Guidance for Teachers (traffic control)


For some reason my clinic traffic is out of control this year. I'm wondering what specific guidance you use for teachers regarding when they should send students vs what & how to manage things in class?


Specializes in Pediatrics Retired. 1 Article; 4,787 Posts

One thing that I'm trying this year, with admin approval, is to instruct the teachers to NOT send students to the clinic during "prime time" - that's the first hour of the school day when instruction is being given and the day being planned out. The exception is if there is some outward sign of illness. This keeps the morning rush of kids that don't want to be at school at bay for at least an hour; some of them forget about being sick and some don't. Regardless, it also gives the teachers an opportunity to realize kids don't need to be seen immediately in the clinic just because they say they have a stomach, etc. It's too soon to see how it's gonna pan out but I do enjoy that brief moment when I can collect my thoughts for the day. I still see kids during prime time because teachers are different in what they perceive as a sign of illness...but it's better than previous years.

SnowyJ, RN

Has 28 years experience. 1 Article; 844 Posts

I like the "prime time" idea. I may have to try that.

Though many students come to me right off the bus. They know if they chance getting to class, the teacher might encourage them to stay.

I check them quickly and down the hall they go.

Glad the first week is over. So many tears and much drama. The kids had some issues with it too. :cheeky:

lifelearningrn, BSN, RN

Specializes in School Nursing. Has 8 years experience. 2,517 Posts

I have two or three teachers that will send the kids for anything and everything. One student has been in my office almost daily. One day it's general "I don't feel good", next it's headache, next it's stomachache, one day it was tears and "I miss my mom".. I'm about to have a one on one with that teacher... it's ridiculous, this kid is in 3rd grade!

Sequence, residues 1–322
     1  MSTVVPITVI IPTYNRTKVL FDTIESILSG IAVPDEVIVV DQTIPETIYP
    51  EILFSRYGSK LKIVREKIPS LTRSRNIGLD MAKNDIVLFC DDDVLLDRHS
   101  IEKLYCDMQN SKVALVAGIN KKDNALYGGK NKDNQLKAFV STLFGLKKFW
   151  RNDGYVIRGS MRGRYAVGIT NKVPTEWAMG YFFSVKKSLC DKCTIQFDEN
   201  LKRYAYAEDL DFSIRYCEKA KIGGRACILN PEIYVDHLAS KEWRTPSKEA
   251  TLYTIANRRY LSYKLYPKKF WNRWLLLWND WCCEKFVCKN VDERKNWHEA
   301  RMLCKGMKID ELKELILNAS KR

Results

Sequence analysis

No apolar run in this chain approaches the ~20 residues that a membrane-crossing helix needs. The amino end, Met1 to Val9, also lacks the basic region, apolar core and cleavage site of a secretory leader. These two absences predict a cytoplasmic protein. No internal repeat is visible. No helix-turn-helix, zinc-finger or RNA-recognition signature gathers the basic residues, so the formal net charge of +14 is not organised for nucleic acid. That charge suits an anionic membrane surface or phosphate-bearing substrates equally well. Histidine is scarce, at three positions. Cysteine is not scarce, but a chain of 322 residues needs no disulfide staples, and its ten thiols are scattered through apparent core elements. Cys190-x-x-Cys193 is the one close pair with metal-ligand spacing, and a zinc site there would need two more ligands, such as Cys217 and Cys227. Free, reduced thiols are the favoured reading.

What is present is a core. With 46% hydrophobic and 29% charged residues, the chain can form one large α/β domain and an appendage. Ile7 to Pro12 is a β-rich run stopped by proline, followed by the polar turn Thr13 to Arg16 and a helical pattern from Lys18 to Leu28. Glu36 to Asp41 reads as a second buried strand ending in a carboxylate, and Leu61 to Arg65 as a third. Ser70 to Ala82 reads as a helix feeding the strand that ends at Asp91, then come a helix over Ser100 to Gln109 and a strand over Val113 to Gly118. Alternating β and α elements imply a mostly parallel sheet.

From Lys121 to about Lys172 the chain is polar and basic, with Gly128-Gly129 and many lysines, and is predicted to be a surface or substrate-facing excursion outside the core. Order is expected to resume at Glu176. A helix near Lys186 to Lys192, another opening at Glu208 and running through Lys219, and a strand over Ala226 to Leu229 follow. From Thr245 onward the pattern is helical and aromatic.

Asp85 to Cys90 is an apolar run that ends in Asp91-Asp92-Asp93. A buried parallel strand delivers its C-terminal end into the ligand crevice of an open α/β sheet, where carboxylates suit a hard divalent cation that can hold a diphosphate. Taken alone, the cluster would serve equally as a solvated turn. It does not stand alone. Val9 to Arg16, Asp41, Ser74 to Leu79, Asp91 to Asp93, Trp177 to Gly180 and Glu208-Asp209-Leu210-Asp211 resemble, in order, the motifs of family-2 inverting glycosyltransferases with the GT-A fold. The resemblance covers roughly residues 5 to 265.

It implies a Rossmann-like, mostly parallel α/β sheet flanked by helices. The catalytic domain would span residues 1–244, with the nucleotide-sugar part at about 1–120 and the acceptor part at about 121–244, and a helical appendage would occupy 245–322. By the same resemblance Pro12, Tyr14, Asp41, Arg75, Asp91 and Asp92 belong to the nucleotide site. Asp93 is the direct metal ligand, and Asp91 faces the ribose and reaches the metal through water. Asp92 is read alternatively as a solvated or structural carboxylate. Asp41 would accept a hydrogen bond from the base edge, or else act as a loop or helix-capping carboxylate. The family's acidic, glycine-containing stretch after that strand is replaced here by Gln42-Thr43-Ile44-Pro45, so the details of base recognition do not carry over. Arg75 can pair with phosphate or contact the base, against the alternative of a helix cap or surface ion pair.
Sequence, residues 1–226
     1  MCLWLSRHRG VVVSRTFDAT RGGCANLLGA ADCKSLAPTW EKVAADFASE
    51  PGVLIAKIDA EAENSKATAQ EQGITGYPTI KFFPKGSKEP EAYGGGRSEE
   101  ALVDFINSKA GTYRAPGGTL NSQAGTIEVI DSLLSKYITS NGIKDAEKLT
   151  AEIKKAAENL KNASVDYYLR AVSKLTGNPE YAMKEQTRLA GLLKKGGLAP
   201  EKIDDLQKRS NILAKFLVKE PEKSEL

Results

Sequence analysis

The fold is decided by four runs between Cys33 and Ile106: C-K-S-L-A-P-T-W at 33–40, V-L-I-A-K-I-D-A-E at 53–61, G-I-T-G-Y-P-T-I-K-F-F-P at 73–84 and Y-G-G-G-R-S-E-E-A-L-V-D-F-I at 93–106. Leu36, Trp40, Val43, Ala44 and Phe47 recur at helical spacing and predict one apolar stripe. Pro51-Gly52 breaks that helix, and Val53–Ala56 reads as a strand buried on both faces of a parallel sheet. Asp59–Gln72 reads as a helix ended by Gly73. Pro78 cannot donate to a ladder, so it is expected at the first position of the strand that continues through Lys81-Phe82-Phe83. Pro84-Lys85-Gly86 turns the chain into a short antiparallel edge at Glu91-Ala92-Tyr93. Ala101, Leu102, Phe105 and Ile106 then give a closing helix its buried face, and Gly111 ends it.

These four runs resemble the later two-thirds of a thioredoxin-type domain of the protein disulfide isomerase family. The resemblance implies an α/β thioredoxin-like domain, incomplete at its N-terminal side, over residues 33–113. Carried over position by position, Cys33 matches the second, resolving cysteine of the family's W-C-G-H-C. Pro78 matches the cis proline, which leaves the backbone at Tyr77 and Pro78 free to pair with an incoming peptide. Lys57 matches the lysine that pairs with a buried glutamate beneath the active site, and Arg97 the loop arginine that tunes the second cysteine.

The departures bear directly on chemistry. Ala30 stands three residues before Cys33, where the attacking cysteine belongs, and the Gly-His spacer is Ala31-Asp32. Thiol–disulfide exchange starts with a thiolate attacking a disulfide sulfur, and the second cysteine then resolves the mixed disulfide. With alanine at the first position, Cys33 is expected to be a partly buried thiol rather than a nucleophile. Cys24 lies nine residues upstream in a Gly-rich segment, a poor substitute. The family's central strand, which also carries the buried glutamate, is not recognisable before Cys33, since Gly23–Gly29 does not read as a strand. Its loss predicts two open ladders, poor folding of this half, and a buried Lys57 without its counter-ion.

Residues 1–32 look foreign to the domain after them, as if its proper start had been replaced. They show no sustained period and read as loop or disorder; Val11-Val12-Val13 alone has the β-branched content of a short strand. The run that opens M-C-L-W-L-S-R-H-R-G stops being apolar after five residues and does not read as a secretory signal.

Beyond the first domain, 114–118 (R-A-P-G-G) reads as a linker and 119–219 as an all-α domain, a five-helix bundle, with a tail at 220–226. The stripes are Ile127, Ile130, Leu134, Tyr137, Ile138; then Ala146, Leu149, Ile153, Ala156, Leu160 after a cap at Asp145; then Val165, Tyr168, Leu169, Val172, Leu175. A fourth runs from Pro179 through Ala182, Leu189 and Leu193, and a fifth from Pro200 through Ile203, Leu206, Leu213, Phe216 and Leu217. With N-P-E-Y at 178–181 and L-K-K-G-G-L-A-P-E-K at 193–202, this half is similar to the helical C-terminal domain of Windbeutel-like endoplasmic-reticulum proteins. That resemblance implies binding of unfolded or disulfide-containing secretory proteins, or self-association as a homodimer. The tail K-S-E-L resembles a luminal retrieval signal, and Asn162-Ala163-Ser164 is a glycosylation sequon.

mc3, ASN, RN

Has 12 years experience. 931 Posts

For some reason my clinic traffic is out of control this year. I'm wondering what specific guidance you use for teachers regarding when they should send students vs what & how to manage things in class?

Mine too. It's been just awful!!



Specializes in School Nursing, Hospice,Med-Surg. Has 18 years experience. 762 Posts

I have a certain grade of teachers that sends students "en masse." Particularly after recess. I honestly believe they end recess and say, "raise your hand if you need to see the nurse!"

Hands raise, then those students are sent together to me. I could have a student vomiting, or a student having a seizure, or both, then a big pile of 10 kids shows up together shouting their symptoms. It's absurd. This is the one issue I really have to address and fix this school year. This is year 2 of it happening (I thought it was the group of students that was in that class last year but it turns out it's a teacher habit in that grade...)

Wave Watcher

Specializes in Community Health/School Nursing. Has 7 years experience. 751 Posts

I send out a quick reminder to my staff at least 2x a year. Once in the beginning and once typically after January because they start to get back into old/bad habits sending kids down. Trust me, I still have students all day long that fit into the DO NOT send to nurse category. But I think it does help the teachers to kind of check/balance if/when they should send a student. *This list was made by my old supervisor.

This is what it says:



Serious fall/head injury

Open wounds that may require stitches

Wounds that do not stop bleeding after adequate first aid

Suspicious rash that appear to be contagious

Severe nosebleeds that will not stop after 5 minutes (continuing to saturate Kleenex and large amount of blood)

Lice/nit confirmation

Bee or wasp stings

Medication administration. Student must have their own supply in the clinic. **District nurses DO NOT give ANY medication including over the counter medication unless the parent has provided an individual supply and completed necessary paper work.


DO NOT SEND STUDENTS TO THE HEALTH CLINIC DURING THE ANNOUNCED LUNCH TIME FOR YOUR NURSE! In the event of an emergency notify front office and they will call/walkie/page nurse.

Scrapes/cuts - Please keep band aids in your classroom for scrapes or cuts. Instruct students to wash with soap and water and then to use a Band-Aid.

Old injuries/wounds - Ice is NOT indicated for injury more than 24 hours old. Sprains, strains, bumps, bruises need to be addressed by the student's parent unless there are direct inability to function in the classroom.

Loose teeth (give baggies to put lost tooth in to take home)

Bug bites, itchy skin, dry skin, chapped lips, blisters or splinters

Soiled clothes: Call parents from office

Minor injuries: if there is no obvious sign of trauma: (redness, knot forming, bruising) there is NO need for ice pack

Minor nose bleeds caused by dry sinuses, picking scabs, etc.